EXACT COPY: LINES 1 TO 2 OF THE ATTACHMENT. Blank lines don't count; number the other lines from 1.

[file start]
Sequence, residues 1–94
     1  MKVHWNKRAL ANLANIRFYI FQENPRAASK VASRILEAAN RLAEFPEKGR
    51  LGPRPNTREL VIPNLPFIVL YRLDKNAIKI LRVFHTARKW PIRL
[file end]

Sequence, residues 1–94
     1  MKVHWNKRAL ANLANIRFYI FQENPRAASK VASRILEAAN RLAEFPEKGR